What would be possible for your customer success team if they knew exactly how to proceed in every situation? What if they always knew just what to do, or where to focus their energy?
Would this change your day-to-day operations? Or the way your team worked together and managed their problems?
If this sounds like a pipe dream, you’re not alone. Setting up a functional customer success team is difficult, and most companies go about it in a way that’s destined to fail.
Instead of focusing on a single thing, customer success leaders bounce around looking for problems to solve without a clear idea of what they are trying to achieve. This lack of purpose then trickles down into every other operation — from hiring to building effective daily processes.
And overall, the failure to define the purpose of your customer success team is one of the biggest mistakes companies make. This is why, whether you’re looking to build your team or just take it to the next-level, the answer to your team’s ultimate success will lie in finding its real purpose.
The first step is learning more about crafting your team’s purpose statement,
Secondly, I’d like to discuss what defining the purpose of your customer success teams can look like, and talk about the steps you can take to begin laying the foundation for your team.
Every team in your organization needs a purpose, and none so much as your customer success team.
To truly understand just how valuable purpose can be, think about some of the issues your team currently may be facing.
While each of these cases can seem difficult to manage, having a clear and referenceable team purpose can act as a guiding light so that everyone knows exactly where to invest their time and how to prioritize their effort.
The easiest way define your team purpose, and ensure that your team is staying in line with it, is to craft a ‘purpose statement’
While incredibly valuable, creating one with your team can easily get pushed aside for more ‘immediate’ tasks, because purpose statements take more than passive attention.
In order to succeed, your team must come together to define clearly what customer success means to them, and then work together towards a common understanding of purpose for the team as a whole.
Without doing this level of detailed work, teams are left with generic words and phrases that mean nothing; words like integrity, innovation, and teamwork.
When it comes to time to craft your own purpose statement, here are few suggestions to get you started:
After you’ve defined your purpose, you can use it as a litmus test for your entire customer success organization. For example,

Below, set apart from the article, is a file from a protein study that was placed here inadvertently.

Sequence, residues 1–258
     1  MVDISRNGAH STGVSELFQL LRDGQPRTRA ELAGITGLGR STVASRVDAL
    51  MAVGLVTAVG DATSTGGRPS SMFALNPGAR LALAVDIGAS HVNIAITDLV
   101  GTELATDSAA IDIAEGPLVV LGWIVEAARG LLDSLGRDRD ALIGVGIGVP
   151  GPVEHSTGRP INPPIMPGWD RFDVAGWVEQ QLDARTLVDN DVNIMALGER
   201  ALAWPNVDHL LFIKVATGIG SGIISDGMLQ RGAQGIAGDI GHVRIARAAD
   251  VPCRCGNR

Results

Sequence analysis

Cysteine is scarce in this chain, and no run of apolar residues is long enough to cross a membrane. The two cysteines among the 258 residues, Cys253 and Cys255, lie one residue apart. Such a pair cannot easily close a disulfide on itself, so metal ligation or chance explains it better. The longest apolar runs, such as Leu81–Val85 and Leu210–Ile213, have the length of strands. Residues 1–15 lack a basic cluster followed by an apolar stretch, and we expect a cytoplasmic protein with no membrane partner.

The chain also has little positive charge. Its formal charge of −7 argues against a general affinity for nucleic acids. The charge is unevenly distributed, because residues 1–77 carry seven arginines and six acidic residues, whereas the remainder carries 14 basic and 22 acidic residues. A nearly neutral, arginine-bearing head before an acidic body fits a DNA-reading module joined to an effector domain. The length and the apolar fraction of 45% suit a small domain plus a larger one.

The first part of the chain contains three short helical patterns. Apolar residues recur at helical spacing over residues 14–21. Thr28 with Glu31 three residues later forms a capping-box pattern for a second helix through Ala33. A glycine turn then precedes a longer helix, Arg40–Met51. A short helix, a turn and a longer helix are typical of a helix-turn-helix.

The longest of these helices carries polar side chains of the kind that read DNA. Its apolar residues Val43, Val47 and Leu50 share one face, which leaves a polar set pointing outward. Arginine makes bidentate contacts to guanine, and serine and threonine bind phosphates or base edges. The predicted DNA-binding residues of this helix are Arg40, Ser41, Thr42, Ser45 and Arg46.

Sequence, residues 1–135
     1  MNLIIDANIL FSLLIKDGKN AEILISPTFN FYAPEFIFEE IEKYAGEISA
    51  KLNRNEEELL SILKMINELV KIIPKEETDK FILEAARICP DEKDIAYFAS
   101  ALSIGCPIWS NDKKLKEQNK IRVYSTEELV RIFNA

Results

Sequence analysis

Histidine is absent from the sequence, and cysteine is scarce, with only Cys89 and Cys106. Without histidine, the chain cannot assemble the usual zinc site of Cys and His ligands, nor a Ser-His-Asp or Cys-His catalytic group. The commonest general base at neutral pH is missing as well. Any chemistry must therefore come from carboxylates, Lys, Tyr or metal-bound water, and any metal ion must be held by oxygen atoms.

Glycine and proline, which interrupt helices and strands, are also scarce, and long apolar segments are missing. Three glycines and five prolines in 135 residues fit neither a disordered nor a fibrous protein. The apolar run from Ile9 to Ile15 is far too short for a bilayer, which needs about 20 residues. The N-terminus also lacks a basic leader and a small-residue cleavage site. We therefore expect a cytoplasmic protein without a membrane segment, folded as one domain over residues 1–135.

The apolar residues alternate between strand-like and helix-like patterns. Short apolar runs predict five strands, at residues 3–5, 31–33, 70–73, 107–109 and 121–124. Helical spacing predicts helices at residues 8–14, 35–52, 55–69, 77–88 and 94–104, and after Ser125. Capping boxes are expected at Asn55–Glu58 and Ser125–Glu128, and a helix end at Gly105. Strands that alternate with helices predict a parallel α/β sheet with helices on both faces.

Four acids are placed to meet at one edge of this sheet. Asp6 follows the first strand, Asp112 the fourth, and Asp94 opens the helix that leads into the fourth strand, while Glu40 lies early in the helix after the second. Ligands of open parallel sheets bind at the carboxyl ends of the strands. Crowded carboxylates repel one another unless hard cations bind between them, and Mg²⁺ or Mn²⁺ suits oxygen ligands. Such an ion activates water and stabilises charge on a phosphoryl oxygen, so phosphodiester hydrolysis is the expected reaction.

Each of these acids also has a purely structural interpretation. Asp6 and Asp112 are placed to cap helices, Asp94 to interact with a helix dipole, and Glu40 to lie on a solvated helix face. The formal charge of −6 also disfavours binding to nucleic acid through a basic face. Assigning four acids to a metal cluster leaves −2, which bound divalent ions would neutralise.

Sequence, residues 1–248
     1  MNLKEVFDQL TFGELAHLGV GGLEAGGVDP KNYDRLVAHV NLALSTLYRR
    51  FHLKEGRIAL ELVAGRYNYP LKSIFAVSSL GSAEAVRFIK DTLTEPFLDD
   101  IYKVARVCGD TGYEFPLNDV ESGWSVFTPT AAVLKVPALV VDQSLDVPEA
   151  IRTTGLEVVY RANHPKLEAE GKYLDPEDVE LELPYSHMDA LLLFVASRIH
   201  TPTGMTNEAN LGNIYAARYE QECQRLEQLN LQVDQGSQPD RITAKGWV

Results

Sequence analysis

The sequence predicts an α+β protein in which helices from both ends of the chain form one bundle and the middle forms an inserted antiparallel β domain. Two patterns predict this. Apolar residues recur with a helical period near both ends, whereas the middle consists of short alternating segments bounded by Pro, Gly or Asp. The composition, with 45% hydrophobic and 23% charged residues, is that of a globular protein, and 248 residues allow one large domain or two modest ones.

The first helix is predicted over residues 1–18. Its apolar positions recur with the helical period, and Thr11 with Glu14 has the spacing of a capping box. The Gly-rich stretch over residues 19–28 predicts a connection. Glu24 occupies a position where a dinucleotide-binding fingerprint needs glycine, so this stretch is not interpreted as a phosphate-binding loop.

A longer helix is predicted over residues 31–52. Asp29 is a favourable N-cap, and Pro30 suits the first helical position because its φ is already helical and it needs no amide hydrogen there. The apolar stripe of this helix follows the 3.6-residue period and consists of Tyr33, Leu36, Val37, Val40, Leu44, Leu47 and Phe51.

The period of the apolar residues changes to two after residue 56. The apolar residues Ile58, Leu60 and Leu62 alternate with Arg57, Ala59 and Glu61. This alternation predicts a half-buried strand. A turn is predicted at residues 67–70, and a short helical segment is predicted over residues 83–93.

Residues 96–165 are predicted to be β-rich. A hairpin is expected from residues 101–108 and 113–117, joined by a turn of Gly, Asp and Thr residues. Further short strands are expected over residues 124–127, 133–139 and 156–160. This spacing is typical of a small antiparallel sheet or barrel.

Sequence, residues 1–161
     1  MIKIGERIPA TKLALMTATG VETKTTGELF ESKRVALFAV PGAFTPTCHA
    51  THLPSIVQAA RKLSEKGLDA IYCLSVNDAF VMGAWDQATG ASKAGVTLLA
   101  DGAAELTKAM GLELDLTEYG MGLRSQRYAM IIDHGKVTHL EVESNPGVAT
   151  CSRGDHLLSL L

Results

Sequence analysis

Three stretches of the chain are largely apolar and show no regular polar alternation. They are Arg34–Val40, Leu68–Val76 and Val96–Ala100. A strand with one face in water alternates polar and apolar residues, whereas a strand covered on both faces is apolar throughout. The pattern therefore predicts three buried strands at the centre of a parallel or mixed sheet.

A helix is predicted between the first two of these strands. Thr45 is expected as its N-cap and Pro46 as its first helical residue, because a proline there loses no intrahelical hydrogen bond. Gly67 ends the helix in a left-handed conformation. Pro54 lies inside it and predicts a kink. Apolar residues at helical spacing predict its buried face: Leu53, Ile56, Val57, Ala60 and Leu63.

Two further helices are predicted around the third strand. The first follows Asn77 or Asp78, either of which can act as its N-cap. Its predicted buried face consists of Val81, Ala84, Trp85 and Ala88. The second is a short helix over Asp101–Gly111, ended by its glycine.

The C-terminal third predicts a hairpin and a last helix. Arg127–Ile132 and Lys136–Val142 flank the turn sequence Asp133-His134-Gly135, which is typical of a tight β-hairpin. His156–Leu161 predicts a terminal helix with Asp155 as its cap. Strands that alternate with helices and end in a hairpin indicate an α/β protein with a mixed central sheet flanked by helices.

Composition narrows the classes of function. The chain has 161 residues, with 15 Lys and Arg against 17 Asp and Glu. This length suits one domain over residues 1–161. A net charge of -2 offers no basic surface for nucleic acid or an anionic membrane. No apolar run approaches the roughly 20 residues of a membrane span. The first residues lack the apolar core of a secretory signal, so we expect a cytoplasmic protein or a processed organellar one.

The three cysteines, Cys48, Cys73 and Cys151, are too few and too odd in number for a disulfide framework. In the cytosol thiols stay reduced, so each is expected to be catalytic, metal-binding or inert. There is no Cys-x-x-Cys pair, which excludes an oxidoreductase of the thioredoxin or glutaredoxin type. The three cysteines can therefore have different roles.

If you’re interested in learning more about crafting your team’s purpose statement,
Once you’ve established your core values and purpose statement, it’s good to be aware that other team members and leaders within your organization may find cause to challenge them. This is especially true if they don’t understand or believe in the customer success team’s purpose.
Unless each team understands and believes in your newfound customer success purpose, your organization will present a haphazard and confusing experience.
These differing goals will lead to greater misunderstandings about your team’s overall success.
Therefore, it’s important to help your C-Suite understand the specific values of your customer success team and its goal, so that the leadership can feel positively about your team’s overall direction.
To combat this, help your team create a purpose speech to articulate to others what their purpose means to them.
And above all, stay transparent about what you’re hoping to accomplish and the underlying motivations each of you may have for those goals. Making concerted efforts to communicate your team’s goals will help keep everyone on the same page and happily moving towards a united point.
Remember, the long term effects of customer success can trickle down into every other team within your organization, in a myriad of different ways, so communicating in a way that ensures your long term success is key.
After all the work you’ve put into defining a team purpose and getting your organization to come onboard, don’t let it go to waste by having it lose momentum.
Keep your purpose statement front in center in all your daily operations by having it present around your team as a regular topic of conversation.
Ask your team members how your team purpose has influenced their decisions. When hiring, keep it front and center to help structure your questions and guide the end decision.
Regardless of what you choose to do, always keep it in the forefront of your team’s mind and a regular practice day-to-day.